Expect no rally. Don’t wait for the bulls. Anticipate no help from the demand side to pull cotton prices up.

In fact, says Texas AgriLife Extension cotton marketing specialist John Robinson, based on world ending stock estimates, cotton prices should be lower than they are.

At best, Robinson expects prices to continue a sideways pattern—within the 70 cents to 80 cents range but with volatility and “considerable downside risk, especially if certain situations occur.” Those situations would include China dumping a significant number of bales from their massive reserves—which no one expects.

Robinson delivered this less than optimistic market outlook at the inaugural Red River Crops Conference, a joint venture of Oklahoma and Texas Research and Extension programs held Jan. 27 and 28 in Altus, Okla. The venue will alternate between Oklahoma and Texas in coming years.

Robinson said outside forces continue to influence cotton prices but the largest ending stocks level “ever” weighs heavily on the market.

The price boom and the surge in world cotton consumption that sent markets soaring back in 2010 changed the landscape.  China began stockpiling cotton and helped the U.S. cotton industry as export markets increased. “We moved from a domestic market to an export market,” Robinson said.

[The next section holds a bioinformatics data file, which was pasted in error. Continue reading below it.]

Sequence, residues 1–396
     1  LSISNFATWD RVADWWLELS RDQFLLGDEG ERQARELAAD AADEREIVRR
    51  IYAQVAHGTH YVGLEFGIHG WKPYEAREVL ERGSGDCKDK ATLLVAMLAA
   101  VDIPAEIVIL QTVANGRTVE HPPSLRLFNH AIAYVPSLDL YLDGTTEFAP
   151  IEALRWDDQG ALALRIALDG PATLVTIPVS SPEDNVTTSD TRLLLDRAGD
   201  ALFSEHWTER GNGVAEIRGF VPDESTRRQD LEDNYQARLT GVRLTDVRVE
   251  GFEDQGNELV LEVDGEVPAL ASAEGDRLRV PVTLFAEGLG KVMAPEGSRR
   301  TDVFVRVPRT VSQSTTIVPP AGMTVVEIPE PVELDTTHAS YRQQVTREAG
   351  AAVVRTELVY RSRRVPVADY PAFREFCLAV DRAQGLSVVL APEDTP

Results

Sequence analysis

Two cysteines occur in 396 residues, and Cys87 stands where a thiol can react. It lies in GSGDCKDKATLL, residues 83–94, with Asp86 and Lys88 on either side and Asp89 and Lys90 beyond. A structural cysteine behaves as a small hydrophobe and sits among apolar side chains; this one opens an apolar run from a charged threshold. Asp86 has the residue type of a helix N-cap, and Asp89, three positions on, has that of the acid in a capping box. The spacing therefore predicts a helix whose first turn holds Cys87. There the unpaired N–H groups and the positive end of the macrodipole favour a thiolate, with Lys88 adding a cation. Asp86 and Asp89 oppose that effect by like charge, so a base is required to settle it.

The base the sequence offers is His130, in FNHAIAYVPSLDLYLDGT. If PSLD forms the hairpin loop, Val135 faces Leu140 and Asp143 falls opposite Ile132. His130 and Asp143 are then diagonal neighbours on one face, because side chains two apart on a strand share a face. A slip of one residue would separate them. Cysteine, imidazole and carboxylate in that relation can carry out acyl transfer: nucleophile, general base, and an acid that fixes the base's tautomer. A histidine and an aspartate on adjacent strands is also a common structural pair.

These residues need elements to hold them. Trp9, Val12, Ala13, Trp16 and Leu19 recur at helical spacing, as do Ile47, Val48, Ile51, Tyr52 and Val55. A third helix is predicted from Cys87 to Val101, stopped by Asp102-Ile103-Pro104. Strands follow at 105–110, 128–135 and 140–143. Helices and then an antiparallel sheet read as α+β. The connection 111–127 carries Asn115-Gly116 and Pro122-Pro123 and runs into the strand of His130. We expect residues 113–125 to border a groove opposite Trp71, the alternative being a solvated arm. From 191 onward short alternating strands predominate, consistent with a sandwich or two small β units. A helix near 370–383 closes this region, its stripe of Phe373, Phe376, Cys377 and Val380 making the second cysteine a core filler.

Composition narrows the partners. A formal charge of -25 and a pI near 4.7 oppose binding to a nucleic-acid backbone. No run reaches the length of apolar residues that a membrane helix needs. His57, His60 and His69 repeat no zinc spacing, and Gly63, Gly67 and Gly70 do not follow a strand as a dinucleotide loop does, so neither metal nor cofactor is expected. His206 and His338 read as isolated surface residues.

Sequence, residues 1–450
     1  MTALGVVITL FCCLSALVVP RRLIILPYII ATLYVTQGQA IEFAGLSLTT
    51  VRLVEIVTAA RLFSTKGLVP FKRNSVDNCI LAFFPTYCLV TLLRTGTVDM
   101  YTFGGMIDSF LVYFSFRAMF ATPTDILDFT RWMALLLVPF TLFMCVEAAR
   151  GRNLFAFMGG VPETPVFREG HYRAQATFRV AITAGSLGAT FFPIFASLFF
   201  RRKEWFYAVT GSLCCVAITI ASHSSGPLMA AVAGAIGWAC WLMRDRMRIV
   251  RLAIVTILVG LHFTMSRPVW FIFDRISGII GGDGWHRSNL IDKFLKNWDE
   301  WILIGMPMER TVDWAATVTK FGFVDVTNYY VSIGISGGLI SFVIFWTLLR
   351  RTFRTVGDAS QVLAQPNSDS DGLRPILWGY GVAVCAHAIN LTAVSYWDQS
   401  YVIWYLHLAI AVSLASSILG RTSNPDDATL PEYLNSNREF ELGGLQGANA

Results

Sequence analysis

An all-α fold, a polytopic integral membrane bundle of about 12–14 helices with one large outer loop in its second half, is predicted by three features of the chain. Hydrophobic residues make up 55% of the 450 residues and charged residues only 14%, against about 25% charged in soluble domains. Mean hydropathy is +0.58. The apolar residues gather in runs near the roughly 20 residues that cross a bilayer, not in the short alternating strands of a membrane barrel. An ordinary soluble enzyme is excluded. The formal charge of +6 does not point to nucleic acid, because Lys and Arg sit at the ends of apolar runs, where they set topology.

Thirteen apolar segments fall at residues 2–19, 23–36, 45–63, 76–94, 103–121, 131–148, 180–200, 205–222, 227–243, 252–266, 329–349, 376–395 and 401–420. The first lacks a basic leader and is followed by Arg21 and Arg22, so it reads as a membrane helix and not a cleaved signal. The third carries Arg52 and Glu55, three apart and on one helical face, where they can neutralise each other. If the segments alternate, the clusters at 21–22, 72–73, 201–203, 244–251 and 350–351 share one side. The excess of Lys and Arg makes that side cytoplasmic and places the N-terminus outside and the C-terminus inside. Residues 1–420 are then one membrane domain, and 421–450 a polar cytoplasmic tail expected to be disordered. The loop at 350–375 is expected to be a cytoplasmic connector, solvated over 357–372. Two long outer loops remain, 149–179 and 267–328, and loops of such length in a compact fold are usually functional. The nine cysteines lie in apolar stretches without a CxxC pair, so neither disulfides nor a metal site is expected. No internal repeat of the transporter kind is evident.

A pattern of price spikes, increased acreage, price drops and reduced acreage often defines markets. “The price spike of 2010 resulted in excess production in 2011 and built up a surplus. But the market remained stable.”

That surplus has reached “historical levels. The price should be lower,” Robinson said. The reason it is not lower is because China bought a lot of cotton at a high price—from $1.40 up to $1.50 a pound. They have much of that in reserve; estimates run as high as 42.6 million bales while the rest of the world has “tight supplies.” China’s huge reserve has kept cotton prices artificially high, Robinson said. If they unload those stocks, they lose a lot of money; so they wait.

He said those high prices also produced “ripple effects,” in markets. “Cotton became less competitive with synthetic fibers. Normally, mills replace cotton with polyester and cotton prices fall. “But cotton has held up, even though we have lost market share. That can only be fixed when cotton becomes more competitive.” And that’s not likely to happen as long as China holds the reserves. The situation “has long term implications for building cotton demand,” Robinson said.

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He also said a flat yarn price is not helping cotton prices. “I don’t see a downstream market pulling cotton up.”